Thursday, April 26, 2012

Update On My Brokenness

I finally heard from my sports med doctor this afternoon (actually one of his nurses who just read parts of the report to me but couldn't answer any questions - not really helpful).  According to the MRI, I have a "mild stress reaction" rather than an actual "stress fracture".  So...I really DON'T have a stress fracture?  What the Eff is a "stress reaction"?

All the nurse could tell me is that he wants me to continue with the current plan of care (non-weightbearing NWB on crutches as much as possible, boot on when I'm up and walking around, cross-training you mean carting my 150 pound fat ass around on crutches isn't cross training enough???) and see him again on Monday at 2:00 to generate a "plan".  So, I have to go into the weekend not really knowing anything more than I did on Monday.  I don't know if a "stress reaction" is better than a "stress fracture".

Thankfully my husband is a medical librarian and he found me this from Brigham and Women's Hospital Department of Rehabilitation:

"The lesion of MTSS is a result of a hypermetabolic state within cortical bone. Bone is in a phase of chronic remodeling as a result of persistent and increasing strain on porous bone. [1] Bone in athletes participating in running or jumping sports may have difficulty remodeling at a rate fast enough to adapt to the changes from mechanical loading. Ideally osteoblasts fill the tunnels left by osteoclasts, however in pathologic situations the porous bone inadequately accommodates to continued loading and microfissures may result and possibly progress to stress fracture. [1] It is know that the bone-remodeling sequence at the start of an exercise program commences approximately 5 days after stimulation and that the bone is weakened for the first eight weeks. Jones et al graded this stress reaction from normal remodeling (grade 0) to stress fracture (grade 4), with mild, moderate and severe stress reaction in between. [7]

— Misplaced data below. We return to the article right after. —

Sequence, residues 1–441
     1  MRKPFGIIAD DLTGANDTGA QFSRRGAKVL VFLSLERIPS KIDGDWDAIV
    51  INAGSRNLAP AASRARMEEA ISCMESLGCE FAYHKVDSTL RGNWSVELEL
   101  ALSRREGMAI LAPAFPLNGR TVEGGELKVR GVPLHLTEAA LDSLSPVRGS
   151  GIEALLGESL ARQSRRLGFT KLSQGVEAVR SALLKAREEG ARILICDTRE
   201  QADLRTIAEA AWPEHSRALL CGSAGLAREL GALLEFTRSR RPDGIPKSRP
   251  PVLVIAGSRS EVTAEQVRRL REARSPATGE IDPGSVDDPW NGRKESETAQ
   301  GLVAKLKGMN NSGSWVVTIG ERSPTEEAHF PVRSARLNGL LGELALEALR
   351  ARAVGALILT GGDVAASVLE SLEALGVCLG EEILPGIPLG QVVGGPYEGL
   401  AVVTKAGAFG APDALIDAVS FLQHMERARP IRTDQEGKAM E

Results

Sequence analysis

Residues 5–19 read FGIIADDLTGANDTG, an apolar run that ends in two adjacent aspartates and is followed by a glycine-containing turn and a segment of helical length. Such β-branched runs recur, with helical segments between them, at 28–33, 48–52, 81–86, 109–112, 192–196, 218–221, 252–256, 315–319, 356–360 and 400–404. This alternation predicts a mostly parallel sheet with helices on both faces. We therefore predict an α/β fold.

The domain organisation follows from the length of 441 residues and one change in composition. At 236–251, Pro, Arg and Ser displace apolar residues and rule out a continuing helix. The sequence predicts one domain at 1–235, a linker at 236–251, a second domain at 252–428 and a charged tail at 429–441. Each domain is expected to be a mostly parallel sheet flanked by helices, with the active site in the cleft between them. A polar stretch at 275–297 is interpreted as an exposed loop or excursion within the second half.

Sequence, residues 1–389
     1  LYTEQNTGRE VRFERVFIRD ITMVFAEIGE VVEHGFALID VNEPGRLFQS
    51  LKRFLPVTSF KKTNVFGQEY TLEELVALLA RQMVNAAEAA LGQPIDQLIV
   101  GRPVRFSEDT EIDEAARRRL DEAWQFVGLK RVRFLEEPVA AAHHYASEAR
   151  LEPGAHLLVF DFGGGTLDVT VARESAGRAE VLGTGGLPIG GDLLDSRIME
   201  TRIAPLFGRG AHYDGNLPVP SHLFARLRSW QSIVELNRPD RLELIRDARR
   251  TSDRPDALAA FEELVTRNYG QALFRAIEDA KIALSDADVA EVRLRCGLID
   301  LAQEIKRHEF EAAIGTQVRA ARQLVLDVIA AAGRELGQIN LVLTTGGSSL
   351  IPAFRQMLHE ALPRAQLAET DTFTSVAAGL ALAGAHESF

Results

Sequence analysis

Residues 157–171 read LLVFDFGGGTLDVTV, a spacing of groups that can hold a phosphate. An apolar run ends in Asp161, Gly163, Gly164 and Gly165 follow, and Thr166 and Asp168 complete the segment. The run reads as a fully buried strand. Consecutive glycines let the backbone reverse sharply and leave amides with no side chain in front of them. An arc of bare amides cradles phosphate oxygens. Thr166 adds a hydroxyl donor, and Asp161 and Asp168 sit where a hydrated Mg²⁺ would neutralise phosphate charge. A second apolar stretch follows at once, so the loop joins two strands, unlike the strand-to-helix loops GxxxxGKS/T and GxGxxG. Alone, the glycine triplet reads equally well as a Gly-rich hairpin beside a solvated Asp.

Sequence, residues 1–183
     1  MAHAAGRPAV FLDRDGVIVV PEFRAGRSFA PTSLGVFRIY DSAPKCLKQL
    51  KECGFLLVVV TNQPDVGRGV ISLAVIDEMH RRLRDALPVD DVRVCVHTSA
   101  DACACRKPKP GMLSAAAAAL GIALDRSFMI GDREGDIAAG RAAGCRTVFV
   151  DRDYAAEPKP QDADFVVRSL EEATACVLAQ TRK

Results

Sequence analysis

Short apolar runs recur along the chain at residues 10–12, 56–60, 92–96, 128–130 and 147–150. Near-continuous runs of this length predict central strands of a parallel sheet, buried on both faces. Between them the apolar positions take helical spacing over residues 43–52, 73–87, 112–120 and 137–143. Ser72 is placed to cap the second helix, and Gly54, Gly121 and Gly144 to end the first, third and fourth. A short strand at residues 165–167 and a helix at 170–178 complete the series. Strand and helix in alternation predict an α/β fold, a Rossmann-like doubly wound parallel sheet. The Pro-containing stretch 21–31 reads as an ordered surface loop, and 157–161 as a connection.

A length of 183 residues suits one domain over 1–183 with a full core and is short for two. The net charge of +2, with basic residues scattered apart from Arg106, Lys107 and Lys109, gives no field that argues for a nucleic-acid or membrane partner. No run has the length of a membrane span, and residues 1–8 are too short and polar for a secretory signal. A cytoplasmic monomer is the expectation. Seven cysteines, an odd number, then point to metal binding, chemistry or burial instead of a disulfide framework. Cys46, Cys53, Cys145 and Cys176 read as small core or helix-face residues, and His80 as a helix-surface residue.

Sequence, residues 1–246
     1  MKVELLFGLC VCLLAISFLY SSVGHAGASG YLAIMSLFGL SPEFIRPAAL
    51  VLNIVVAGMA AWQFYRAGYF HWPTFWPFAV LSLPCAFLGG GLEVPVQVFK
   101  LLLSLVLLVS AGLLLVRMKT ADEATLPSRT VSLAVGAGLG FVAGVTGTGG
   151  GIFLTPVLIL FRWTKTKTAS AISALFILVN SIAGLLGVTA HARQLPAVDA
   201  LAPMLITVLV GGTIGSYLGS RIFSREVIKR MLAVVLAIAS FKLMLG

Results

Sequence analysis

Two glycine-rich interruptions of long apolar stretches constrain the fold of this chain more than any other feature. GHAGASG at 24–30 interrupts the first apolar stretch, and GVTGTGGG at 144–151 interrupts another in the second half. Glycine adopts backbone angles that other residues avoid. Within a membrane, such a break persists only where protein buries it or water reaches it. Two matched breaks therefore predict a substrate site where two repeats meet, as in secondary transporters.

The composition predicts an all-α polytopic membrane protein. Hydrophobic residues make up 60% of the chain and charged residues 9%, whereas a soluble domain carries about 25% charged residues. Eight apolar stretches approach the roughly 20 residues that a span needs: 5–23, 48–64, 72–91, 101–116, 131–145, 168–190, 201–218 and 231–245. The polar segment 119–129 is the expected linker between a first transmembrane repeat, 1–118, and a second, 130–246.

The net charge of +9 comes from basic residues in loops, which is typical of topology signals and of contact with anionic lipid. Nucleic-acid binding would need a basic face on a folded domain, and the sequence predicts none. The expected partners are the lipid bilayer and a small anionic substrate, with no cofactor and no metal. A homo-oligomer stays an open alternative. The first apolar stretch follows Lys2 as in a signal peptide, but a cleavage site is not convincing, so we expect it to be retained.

The recovery time for periostitis or medial tibial stress syndrome is three to four weeks. Patient with stress fractures typically resume unprotected activities in 4-6wks and impact activities in 2-3 months. Adequate healing and the resolution of symptoms determine the rate at which the resumption of activities occurs with the impact activity. [1][10]"

To me, this means that maybe things aren't as grim as I'd originally feared. Or maybe I'm just still in denial.  Whatever, I'll take it.  

Bottom line, I'm still essentially NWB through the weekend (and I actually asked for orders for one of those scooter thingies because the crutches are reducing me to a blubbering mess and fraking up my already messed up shoulder).  I *might* be able to walk the 10k Mud Run on 5/20 but I'm not holding my breath (Please don't hate me Erin and Ali if I can't do it - I'm already disgusted enough with myself).  If I could drop down to the 5k I would feel more comfortable going against doctor's orders and doing it. Not sure if that's an option though.  I *should* be able to start training for Disney Wine and Dine in August and plan to run/walk it.  

I'll know more after my appointment on Monday.  Just keep thinking good healing thoughts (for both my tibia and my heart).  In the meantime, I'm going to try to channel Dora and "Just keep swimming, swimming, swimming."

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